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What is Credit Restoration

What is Credit Restoration

Credit Restoration: What is it and why do you need it?

Thankfully, after hard work and dedication, I was able to recover from identity theft and decades of credit mismanagement.

But, what if your credit issue isn’t as clear cut as that?

What if you have to do some real credit restoration just to get to manageable bad credit?

This article is dedicated to what Credit Restoration is and why you may need it.

  • When you and your parent share the same first, middle and last name and your credit report has a lifetime of history before you even turn 18 years old.
  • You look at your credit report and it is 20 pages long with negative information.
  • When you have had so many fraud alerts, none of the information you provide on that automated line will allow you to get your credit reports sent to you.
  • When you suffer from multiple foreclosures and you can’t seem to find a way out.
  • Your credit could need restoring for many reasons.

Credit restoration is a term used to describe recovery from mismanaged or bad credit that requires more work than the average bad credit.

If you have suffered from any of the scenarios mentioned above, you need credit restoration that often requires getting around a fraud alert, filing a police report, or continual disputing that could last more than 6 months.

Although these scenarios are challenging, they are not impossible.

If you imagine that you have suffered health challenges, getting the right diagnosis from the doctor can make a world of difference for you.

With diagnosing the most challenging problem comes the correct tools to use to help you manage the diagnosis and obtain a quality of life.

Credit Restoration allows you to diagnose what has gone wrong, prioritize tools to recover, and to help you get back on track.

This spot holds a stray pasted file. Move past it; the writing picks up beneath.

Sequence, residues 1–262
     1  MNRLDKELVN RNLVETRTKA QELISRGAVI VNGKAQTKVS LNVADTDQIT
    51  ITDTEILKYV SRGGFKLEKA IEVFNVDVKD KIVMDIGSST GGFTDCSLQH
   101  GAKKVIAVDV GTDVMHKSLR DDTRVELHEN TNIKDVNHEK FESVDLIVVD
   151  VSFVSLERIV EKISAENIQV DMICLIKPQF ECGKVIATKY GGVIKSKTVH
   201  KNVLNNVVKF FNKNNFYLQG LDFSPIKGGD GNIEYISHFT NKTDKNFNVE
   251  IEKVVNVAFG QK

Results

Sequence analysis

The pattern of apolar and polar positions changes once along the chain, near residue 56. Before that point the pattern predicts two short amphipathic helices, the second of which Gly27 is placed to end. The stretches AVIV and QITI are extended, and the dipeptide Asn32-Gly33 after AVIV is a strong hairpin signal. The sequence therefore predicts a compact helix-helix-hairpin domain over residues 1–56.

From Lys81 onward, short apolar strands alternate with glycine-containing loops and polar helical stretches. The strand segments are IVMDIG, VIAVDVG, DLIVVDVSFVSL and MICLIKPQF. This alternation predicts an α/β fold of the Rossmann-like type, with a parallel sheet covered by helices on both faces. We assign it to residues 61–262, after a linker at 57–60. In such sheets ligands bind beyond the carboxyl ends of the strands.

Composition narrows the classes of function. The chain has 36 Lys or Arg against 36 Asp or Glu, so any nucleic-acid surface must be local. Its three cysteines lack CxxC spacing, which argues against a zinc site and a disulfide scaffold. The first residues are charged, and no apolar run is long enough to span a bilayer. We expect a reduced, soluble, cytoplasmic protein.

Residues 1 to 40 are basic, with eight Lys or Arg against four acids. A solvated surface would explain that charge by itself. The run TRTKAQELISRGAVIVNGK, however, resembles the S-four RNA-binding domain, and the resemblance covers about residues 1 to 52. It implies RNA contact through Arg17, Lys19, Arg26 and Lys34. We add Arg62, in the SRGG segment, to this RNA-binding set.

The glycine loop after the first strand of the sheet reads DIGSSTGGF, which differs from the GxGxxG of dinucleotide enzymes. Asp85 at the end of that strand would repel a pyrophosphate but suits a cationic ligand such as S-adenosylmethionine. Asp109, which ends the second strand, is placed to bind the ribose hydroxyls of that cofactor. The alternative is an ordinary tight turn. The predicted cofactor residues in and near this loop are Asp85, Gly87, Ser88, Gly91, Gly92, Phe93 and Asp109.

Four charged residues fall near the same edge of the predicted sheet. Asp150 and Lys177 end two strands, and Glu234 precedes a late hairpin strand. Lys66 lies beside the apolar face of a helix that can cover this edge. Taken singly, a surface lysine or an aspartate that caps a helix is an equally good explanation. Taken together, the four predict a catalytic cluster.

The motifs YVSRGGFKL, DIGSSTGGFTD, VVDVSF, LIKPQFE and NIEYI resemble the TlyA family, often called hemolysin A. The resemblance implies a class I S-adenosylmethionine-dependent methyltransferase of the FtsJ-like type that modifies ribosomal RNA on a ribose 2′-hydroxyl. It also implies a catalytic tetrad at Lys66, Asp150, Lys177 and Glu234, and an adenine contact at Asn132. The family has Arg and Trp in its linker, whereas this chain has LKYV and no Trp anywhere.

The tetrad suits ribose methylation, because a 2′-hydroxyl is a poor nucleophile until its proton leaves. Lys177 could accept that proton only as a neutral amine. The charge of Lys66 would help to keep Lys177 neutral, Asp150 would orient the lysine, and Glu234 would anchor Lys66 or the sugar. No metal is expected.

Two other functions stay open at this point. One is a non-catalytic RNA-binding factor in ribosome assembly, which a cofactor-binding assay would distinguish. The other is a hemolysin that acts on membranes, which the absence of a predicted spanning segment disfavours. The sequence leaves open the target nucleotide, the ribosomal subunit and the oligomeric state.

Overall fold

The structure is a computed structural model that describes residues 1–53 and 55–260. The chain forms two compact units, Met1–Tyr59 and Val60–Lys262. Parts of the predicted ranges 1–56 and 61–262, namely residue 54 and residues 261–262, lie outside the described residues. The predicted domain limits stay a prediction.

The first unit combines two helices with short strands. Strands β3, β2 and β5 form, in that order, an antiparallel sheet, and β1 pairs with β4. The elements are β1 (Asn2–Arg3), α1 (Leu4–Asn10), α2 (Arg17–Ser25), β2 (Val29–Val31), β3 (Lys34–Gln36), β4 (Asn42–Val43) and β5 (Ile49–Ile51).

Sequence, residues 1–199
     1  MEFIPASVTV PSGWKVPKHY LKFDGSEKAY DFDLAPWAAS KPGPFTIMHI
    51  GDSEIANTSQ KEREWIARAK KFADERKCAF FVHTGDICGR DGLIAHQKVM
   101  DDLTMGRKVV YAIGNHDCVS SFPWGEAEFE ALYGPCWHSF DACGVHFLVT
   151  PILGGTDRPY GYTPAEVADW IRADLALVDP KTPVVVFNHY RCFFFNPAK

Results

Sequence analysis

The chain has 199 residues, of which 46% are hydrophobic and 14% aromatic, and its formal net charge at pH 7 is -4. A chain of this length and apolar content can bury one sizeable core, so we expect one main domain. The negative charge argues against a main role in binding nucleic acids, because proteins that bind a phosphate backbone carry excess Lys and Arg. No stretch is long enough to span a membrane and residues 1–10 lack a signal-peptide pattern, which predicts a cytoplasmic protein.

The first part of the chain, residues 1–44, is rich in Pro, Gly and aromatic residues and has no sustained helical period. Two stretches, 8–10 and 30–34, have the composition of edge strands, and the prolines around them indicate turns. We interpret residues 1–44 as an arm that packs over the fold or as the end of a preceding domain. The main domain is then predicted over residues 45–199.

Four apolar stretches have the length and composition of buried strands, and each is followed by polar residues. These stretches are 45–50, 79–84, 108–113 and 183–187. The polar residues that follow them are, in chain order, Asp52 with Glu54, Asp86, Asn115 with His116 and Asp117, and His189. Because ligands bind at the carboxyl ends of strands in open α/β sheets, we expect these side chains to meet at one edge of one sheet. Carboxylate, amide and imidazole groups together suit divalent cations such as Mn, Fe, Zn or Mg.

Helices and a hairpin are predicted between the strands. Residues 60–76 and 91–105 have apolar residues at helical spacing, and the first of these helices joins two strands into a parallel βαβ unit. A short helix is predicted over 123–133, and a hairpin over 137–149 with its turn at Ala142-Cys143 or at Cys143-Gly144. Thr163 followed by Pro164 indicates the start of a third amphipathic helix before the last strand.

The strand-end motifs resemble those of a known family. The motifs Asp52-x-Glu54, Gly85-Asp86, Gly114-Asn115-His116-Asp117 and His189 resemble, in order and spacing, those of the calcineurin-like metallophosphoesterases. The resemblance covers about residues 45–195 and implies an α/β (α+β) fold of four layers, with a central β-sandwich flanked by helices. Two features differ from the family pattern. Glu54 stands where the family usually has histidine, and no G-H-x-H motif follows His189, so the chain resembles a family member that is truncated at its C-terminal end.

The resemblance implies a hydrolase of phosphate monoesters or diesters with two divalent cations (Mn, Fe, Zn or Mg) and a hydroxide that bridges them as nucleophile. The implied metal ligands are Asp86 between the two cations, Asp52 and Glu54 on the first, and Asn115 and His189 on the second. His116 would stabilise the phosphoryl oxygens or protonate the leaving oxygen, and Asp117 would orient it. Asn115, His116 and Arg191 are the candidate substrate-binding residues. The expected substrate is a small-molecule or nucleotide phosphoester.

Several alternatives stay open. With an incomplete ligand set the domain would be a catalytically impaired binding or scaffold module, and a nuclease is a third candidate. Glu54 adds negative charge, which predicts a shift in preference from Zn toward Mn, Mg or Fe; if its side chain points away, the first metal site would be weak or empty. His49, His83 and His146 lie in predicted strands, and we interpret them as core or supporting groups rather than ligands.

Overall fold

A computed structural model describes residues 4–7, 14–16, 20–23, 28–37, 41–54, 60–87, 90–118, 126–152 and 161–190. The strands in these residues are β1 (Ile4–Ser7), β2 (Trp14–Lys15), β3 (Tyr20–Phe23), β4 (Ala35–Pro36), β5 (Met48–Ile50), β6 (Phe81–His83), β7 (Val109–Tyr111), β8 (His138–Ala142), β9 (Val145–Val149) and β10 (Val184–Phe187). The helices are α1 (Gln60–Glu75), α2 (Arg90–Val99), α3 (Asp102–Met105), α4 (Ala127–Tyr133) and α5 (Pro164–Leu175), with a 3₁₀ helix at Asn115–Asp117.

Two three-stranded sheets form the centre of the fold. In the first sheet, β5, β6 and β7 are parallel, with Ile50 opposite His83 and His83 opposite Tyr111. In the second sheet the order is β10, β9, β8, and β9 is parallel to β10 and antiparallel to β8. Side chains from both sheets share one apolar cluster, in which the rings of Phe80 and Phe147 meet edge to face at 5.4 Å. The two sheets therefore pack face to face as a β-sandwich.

There are three things you can do to begin your Credit Restoration journey:

  1. Get a police report if you suspect any kind of fraud. Go to the police station in the city that the fraud originated, even if you decide not to press charges against the person that may be found, you can still prove that these debts were not yours.
  2. Write dispute letters for the information on your credit reports that does not belong to you. A good dispute letter will solve most of your problems and there are thousands of them online. You can write the letter yourself or you can get someone to help you or you can use someone else’s letter that has worked before. If you have access to an attorney, they can help you write letters to help you recover your credit as well, but it isn’t necessary to use an attorney.
  3. Read good books. There are plenty of books out there that will give you a great place to start. One such book is Better Than Credit Repair: The Handbook of Credit Mastery.

No bad credit situation is too bad for recovery. Some require more effort than others. Stay determined, like I did, and you will get the results you are looking for.

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If you are interested in starting the approval process off with raising your credit scores for free, I invite you to take my free, four-part, Dispute Letter Mastery Course.

In this course, you will learn how to update your personal information, dispute information that has errors, and delete negative information in order to raise your credit scores 50 – 75 points in only 45 – 60 days. A boost like this can really make a difference in your interest rates, and it is all free.

2 comments

  1. This is an excellent and succinct article for anyone who needs to restore their credit. I know a few who need your advice badly, but I won’t name names as I never want to incriminate myself.

    My brother who owns a business had his identity stolen. The crooks somehow learn enough about him by stealing his mail to open up credit accounts with several stores and services. He only found out about it when the cops told him. It could have gone on for years otherwise.

    • Hello again, G.C.,

      I have read that some people don’t even find out their identity has been stolen for four years afterward! Can you imagine trying to track someone down years after the damage has been done? Fortunately for me, I found out only a day or so after because someone called to verify my identity.

      The average person hasn’t seen their credit reports in 12 months – that is shocking and telling about how much we trust that our finances are safe and private. Definitely forward the posts that strike you to people who you feel could need them. There are share buttons located at the top of each page to hopefully make sharing easy.

      Take care,

      Tamara

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